On Feb. 26, 2023, Andrews McMeel Universal released a statement from the chairman, CEO, and president of the company announcing they would no longer work with cartoonist Scott Adams on the comic strip Dilbert. Since then, several newspapers, including The New York Times and The Washington Post, have agreed not to publish Dilbert in their print or digital editions.
What happened to the Dilbert newspaper cartoon? Keep reading for everything you need to know about creator Scott Adams's comments.
What happened to the cartoon 'Dilbert'?
Scott Adams's comic strip Dilbert was first published in April 1989. The comics follow Dilbert, an engineer in a satirical, white-collar office environment. The success of the cartoon quickly spawned books, a video game and an animated television series about the character, as well as themed merchandise items.
On Feb. 22, 2023, Scott Adams embarked on a racist tirade on his YouTube show, Real Coffee with Scott Adams, where he described Black people as members of a "hate group" from which white people need to "get away."
According to USA Today, his comments are based on a Rasmussen Reports survey, which asked whether people agreed with the statement "It's OK to be white." Scott observed that 26 percent of Black responders disagreed, thus sparking his tirade.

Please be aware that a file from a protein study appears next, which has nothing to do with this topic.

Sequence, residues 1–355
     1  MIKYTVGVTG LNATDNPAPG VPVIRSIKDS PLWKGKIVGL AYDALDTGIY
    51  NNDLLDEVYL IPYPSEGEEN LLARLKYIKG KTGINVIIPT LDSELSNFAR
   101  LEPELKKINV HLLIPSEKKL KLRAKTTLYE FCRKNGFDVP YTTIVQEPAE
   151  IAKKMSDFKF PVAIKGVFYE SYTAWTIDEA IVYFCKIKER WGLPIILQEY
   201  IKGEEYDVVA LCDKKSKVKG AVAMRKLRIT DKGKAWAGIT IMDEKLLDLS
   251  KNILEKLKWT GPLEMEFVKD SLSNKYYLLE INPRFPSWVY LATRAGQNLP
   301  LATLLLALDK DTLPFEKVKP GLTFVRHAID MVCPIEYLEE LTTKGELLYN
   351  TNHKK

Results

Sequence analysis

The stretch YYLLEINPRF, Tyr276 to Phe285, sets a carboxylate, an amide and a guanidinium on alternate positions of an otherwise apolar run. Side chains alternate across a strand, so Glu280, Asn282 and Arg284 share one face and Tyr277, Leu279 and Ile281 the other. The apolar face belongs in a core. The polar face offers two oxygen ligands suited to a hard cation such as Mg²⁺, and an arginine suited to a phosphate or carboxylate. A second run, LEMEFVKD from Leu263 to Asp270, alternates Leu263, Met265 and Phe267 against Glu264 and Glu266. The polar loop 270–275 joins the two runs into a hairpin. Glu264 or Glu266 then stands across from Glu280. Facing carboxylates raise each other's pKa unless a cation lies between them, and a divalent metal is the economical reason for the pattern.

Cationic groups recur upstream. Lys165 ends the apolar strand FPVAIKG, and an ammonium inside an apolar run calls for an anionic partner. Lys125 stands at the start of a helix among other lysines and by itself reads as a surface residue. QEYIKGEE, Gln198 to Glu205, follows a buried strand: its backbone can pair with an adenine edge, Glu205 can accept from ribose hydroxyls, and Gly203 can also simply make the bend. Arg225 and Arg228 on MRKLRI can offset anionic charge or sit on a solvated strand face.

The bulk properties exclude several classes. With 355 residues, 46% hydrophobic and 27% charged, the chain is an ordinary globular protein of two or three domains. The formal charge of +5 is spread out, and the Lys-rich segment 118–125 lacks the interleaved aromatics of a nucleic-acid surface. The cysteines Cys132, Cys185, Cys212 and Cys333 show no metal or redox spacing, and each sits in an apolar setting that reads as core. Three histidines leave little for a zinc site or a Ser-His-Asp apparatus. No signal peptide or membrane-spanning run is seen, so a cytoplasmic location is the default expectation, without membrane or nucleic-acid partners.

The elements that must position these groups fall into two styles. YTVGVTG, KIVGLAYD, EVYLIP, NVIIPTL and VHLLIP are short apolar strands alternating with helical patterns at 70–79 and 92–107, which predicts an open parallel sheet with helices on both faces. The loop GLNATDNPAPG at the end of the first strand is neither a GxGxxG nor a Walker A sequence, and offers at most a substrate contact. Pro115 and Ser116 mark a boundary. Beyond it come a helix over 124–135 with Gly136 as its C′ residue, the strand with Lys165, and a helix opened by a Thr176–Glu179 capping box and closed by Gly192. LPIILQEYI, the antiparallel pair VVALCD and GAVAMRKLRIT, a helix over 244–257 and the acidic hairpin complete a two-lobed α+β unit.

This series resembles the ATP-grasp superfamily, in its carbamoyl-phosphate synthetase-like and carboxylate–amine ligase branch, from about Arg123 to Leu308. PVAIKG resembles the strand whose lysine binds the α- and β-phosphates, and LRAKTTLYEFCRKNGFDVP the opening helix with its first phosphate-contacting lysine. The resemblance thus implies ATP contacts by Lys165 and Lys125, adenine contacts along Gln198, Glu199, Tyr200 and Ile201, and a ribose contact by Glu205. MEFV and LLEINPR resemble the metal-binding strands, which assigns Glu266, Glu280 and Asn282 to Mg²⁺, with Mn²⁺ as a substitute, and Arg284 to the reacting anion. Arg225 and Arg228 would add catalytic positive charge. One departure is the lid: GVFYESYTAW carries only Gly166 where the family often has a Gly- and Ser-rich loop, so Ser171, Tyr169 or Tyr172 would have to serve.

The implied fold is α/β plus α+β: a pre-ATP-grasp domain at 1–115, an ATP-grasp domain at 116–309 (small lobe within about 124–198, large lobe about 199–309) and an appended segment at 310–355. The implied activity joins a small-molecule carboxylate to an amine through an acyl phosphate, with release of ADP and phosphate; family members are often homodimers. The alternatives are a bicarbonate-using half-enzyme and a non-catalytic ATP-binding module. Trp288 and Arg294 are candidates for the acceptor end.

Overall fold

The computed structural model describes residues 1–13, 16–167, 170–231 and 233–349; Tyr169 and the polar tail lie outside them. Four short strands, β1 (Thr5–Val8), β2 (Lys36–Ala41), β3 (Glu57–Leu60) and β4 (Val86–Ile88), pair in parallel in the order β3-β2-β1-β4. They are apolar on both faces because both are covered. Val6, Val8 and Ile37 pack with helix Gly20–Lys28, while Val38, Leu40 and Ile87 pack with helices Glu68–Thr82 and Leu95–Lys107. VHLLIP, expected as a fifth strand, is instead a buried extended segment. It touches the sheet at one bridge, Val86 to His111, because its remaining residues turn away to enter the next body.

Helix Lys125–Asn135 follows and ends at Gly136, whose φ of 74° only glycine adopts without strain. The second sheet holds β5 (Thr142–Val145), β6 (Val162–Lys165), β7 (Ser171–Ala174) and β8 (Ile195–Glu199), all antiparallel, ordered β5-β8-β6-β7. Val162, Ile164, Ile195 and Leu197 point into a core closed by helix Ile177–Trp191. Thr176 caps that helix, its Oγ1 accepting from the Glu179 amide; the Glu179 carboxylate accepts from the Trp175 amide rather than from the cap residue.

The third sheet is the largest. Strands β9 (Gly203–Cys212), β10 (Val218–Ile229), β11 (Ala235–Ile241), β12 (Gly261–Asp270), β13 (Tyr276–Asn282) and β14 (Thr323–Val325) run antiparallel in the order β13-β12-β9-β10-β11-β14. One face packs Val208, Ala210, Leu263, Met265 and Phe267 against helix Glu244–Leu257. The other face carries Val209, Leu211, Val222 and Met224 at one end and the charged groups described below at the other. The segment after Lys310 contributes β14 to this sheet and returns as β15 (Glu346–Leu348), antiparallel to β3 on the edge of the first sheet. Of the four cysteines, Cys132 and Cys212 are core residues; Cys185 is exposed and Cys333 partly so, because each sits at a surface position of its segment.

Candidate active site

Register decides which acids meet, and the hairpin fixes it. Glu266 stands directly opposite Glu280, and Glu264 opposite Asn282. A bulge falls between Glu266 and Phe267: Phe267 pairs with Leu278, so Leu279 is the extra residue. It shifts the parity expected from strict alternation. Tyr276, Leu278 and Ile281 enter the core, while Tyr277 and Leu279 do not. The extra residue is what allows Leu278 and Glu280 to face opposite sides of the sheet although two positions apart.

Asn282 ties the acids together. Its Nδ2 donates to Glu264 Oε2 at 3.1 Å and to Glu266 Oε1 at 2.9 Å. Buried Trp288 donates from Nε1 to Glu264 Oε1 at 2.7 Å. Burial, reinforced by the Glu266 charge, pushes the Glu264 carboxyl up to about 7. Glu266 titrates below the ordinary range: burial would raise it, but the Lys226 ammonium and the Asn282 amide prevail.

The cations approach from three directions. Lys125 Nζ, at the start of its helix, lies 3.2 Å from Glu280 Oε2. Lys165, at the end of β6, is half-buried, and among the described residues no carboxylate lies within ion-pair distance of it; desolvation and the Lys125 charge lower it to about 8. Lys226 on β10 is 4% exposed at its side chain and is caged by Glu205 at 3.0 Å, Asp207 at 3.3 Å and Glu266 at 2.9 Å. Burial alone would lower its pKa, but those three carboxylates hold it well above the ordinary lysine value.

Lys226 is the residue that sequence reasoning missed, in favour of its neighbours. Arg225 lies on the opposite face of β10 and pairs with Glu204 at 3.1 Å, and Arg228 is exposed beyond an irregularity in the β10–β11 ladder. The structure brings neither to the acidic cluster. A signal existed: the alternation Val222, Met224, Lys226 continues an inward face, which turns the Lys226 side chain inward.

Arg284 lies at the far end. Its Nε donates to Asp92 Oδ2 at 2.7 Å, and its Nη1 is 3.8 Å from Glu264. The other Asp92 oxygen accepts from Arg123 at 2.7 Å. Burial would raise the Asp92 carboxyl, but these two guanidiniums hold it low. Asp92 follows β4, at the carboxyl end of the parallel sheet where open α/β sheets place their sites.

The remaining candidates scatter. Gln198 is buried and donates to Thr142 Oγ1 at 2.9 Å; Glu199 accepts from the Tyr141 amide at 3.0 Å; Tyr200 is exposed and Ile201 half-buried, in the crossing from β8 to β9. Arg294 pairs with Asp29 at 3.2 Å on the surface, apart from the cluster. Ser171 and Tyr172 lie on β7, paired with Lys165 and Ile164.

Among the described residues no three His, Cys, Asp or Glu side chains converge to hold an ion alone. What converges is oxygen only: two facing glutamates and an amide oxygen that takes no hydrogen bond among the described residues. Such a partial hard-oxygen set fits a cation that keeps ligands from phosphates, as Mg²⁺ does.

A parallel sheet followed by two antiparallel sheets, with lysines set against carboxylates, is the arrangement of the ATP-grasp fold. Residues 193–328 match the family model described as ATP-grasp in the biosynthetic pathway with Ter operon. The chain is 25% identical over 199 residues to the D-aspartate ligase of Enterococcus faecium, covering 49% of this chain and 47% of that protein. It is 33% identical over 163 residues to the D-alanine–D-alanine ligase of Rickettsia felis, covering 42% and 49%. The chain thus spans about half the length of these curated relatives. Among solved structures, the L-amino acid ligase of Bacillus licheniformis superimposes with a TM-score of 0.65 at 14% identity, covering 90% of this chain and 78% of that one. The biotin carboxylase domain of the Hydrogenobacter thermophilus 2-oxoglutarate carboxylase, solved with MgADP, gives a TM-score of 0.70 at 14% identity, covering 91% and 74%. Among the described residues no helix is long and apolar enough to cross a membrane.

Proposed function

The Anti-Defamation League has noted that dating back to 2017, "It's Okay to Be White" is a trolling campaign by the website 4chan.
Scott Adams doubled down on his racist comments.
After public backlash for his comments, Scott defended himself on Twitter, saying in a post he "lost three careers to direct racism so far. Crocker Bank, Pacific Bell, and cartooning. All three were perpetrated by White people for their own gain. No Black person has ever discriminated against me. That's partly why I identified as Black for several years."
Andrews McMeel Universal released a statement explaining why they were dropping the Dilbert cartoon, saying, "We are disturbed by the personal views recently expressed by Dilbert creator Scott Adams, and do not support them in any way. Andrews McMeel Universal values free speech. We promote and facilitate many different voices and perspectives. But we will never support any commentary rooted in discrimination or hate."
The company also noted they would be releasing a more detailed statement soon.
Shortly after Andrews McMeel Universal's statement, newspapers around the country, including The New York Times, The Los Angeles Times, The Washington Post, the USA Today Network, and more began issuing statements saying they would no longer publish the Dilbert comics strip as a result of Scott Adams's comments. The Washington Post in particular cited Adams's comments as "promoting segregation."
On Feb. 27, Scott tweeted, "My publisher for non-Dilbert books has canceled my upcoming book and the entire backlist. Still no disagreement about my point of view. My book agent canceled me too."
Twitter CEO Elon Musk responded to Scott's tweets, writing that the media "was racist against non-white people, now they’re racist against whites & Asians."